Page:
In 1998, Trek established its Advanced Concepts Group (ACG), a collection of engineers and technicians dedicated to technologies development. The leading edge of Trek’s design and engineering efforts, ACG is perhaps best known for a number of products introduced and used by Lance Armstrong during his historic Tour de France wins, including the original Trek Madone (2003)—named for the Col de la Madone, a 12K climb that starts in the French town of Menton and used by Armstrong to test his fitness—and TTX time trial bike (2005). That same year Trek opened its first European manufacturing facility, a frame and wheel assembly plant in Carlow, Ireland. The Carlow facility stayed open until late 2004, at which time Trek transferred its European production to a manufacturing facility in Hartmannsdorf, Germany.
Responding to the unique needs of female cyclists, in 2000 Trek introduced Women’s Specific Design (WSD) bicycle and accessories. WSD products are designed to fit female riders, and feature sizing and proportions appropriate for women. In October 2001, Trek introduced a custom bike program named Project One, which gave customers the opportunity to customize their Trek bike by selecting the bike’s paint scheme and component mix.
Hoping to expand into a new market segment, Trek introduced Trek Travel in December 2002, a provider of luxury cycling vacations in Europe and North America. Trek Travel operated as a wholly owned subsidiary of Trek Bicycle until January 2007, when Trek spun off its interests in the company. Despite the split, Trek and Trek Travel enjoy a close working relationship.
In 2003, Trek acquired Villiger, a Swiss bicycle company, and Diamant, the oldest bicycle company in Germany. The acquisition gave Trek a foothold in the active-leisure bicycle market, an important segment in Europe. As part of the acquisition, Trek took over ownership of the Villiger-Diamant production facility in Hartmannsdorf, Germany. Trek’s global expansion continued in 2005, when Trek expanded into the Chinese market by opening two stores in Beijing and signing deals with 20 Chinese distributors.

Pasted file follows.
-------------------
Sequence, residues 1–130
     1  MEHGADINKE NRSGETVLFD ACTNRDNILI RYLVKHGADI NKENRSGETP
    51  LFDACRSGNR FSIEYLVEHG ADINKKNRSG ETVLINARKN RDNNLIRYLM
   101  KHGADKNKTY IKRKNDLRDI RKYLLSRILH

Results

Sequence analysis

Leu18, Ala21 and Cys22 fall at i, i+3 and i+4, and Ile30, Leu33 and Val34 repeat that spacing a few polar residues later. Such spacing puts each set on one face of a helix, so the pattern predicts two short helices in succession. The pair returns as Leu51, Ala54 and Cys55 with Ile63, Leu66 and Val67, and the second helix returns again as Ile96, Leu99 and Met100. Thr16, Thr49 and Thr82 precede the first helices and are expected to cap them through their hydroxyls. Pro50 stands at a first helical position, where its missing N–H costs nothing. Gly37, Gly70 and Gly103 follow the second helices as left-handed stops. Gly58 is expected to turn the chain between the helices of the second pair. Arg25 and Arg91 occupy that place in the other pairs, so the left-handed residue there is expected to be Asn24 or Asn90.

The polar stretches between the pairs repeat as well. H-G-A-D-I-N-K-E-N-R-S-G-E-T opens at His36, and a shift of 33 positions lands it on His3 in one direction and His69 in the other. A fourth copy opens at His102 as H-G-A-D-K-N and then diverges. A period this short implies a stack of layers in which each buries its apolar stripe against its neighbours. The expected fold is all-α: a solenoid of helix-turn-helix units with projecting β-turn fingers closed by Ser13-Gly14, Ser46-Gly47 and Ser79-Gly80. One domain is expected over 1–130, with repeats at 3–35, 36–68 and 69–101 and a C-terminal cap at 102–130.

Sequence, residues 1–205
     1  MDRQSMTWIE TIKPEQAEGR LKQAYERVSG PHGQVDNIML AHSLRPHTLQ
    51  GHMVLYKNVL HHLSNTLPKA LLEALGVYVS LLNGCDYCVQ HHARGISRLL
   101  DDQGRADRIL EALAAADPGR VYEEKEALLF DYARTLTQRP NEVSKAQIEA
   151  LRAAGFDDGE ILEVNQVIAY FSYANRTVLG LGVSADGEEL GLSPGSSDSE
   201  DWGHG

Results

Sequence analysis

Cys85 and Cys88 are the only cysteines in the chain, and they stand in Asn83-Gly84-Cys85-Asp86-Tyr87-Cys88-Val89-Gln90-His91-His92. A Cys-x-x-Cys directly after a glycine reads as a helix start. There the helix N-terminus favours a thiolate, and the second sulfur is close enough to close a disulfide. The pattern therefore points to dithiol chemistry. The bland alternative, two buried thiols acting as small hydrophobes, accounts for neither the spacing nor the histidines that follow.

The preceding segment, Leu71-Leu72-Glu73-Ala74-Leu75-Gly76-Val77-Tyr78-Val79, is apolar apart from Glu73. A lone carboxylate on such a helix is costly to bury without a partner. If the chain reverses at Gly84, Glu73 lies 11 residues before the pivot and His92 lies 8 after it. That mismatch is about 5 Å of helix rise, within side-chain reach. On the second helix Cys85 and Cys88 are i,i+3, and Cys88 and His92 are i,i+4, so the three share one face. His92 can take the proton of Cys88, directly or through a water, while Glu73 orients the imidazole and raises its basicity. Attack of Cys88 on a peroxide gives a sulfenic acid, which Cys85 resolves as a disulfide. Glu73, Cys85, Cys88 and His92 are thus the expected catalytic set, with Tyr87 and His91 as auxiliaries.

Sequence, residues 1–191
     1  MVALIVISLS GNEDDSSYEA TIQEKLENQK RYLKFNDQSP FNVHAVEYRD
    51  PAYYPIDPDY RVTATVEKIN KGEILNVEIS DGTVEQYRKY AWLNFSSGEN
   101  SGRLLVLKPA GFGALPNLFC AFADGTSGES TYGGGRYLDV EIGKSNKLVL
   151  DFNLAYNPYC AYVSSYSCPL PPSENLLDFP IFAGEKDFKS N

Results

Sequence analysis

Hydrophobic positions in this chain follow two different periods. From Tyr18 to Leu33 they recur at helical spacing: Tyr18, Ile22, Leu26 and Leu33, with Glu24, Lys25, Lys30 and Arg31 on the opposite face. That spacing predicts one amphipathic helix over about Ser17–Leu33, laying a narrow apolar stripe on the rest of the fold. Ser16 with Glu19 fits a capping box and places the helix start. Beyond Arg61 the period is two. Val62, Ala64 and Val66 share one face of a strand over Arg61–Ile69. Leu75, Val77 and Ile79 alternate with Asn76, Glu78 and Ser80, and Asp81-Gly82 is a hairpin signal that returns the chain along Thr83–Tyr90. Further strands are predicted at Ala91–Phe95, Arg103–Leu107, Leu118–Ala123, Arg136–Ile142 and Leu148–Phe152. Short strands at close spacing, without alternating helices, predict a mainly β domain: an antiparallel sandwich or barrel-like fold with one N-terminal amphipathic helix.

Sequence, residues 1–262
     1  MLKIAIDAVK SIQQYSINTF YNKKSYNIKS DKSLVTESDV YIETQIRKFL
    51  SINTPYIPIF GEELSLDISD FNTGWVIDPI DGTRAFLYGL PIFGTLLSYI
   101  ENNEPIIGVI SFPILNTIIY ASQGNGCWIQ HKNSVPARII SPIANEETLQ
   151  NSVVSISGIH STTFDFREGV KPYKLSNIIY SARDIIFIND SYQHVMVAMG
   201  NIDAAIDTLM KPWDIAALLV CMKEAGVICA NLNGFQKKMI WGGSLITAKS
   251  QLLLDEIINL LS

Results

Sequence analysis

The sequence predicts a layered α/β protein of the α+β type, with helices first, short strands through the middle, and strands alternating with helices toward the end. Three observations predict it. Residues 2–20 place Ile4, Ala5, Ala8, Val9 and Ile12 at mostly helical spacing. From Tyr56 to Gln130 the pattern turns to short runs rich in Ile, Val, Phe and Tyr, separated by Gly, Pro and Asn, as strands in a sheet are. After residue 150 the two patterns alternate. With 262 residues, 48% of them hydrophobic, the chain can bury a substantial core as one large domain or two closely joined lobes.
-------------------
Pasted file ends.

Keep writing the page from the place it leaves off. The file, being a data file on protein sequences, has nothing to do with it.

For the third time in its history, in 2005 Trek again expanded its worldwide headquarters in Waterloo, adding another 43,000 sq ft (4,000 m2) to house its burgeoning engineering, R&D, and marketing departments. As part of the expansion, Trek included an atrium exhibit to display a number of historically significant bikes from Trek’s family of brands, including one of the first mountain bikes ever built by Gary Fisher, and seven bikes used by Lance during his historic Tour de France run (one from each year, 1999–2005).
In 2008, after years of behind-the-scenes support for the League of American Bicyclists and the Bikes Belong Coalition (now PeopleForBikes), Trek announced its 1 World 2 Wheels bicycle advocacy campaign at its annual Trek World dealer convention in Madison, Wisconsin. Central to 1 World 2 Wheels is its “Go By Bike” initiative, which urges Americans to ride their bikes instead of drive their cars for trips of two miles (3 km) or less. Through 1 World 2 Wheels Trek also pledged $1,000,000 to help fund the League of American Bicyclists’ “Bicycle Friendly Community” program and committed $600,000 to the International Mountain Bicycling Association’s (IMBA) Trail Solutions Services. On January 6, 2014, Trek announced the acquisition of the Electra Bicycle Company.
In 2009, Trek created the Trek Women Triathlon Series. 2011, Trek sponsored three women’s triathlon series; the Trek Women Triathlon Series, the Danskin Series and the Iron Girl Series.
As from the 2014 season, Trek became the main sponsor of Pro Tour cycling team Trek Factory Racing, a continuation of its bike sponsorship of Team RadioShack and co-sponsorship of Team Leopard-Trek.
In 2017, Trek paid equal prize money to the male and female winners of the Cyclocross World Cup race hosted at their headquarters in Waterloo, Wisconsin, which was, “the first time in the history of the sport that women would be paid as much as men for racing the same course at the World Cup level.”
2014 unified hour record
In 2014, the UCI unified the two classifications into a single classification in line with regulations for current track pursuit bikes. Following the change in the rules, German Jens Voigt became the first rider to attempt the hour record, on 18 September 2014 at the Velodrome Suisse, Grenchen, Switzerland on a Trek bicycle. He set a new record of 51.110 km, beating the previous record set by Sosenka by 1.410 km.